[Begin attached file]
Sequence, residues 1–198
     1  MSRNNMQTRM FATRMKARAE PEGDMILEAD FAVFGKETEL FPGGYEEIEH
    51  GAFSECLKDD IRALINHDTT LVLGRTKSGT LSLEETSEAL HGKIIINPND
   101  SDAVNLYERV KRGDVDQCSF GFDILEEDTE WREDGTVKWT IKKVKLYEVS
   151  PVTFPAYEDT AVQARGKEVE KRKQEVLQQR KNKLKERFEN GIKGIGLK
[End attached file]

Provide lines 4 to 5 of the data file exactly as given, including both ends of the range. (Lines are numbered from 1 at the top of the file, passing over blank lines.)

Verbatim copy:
   101  SDAVNLYERV KRGDVDQCSF GFDILEEDTE WREDGTVKWT IKKVKLYEVS
   151  PVTFPAYEDT AVQARGKEVE KRKQEVLQQR KNKLKERFEN GIKGIGLK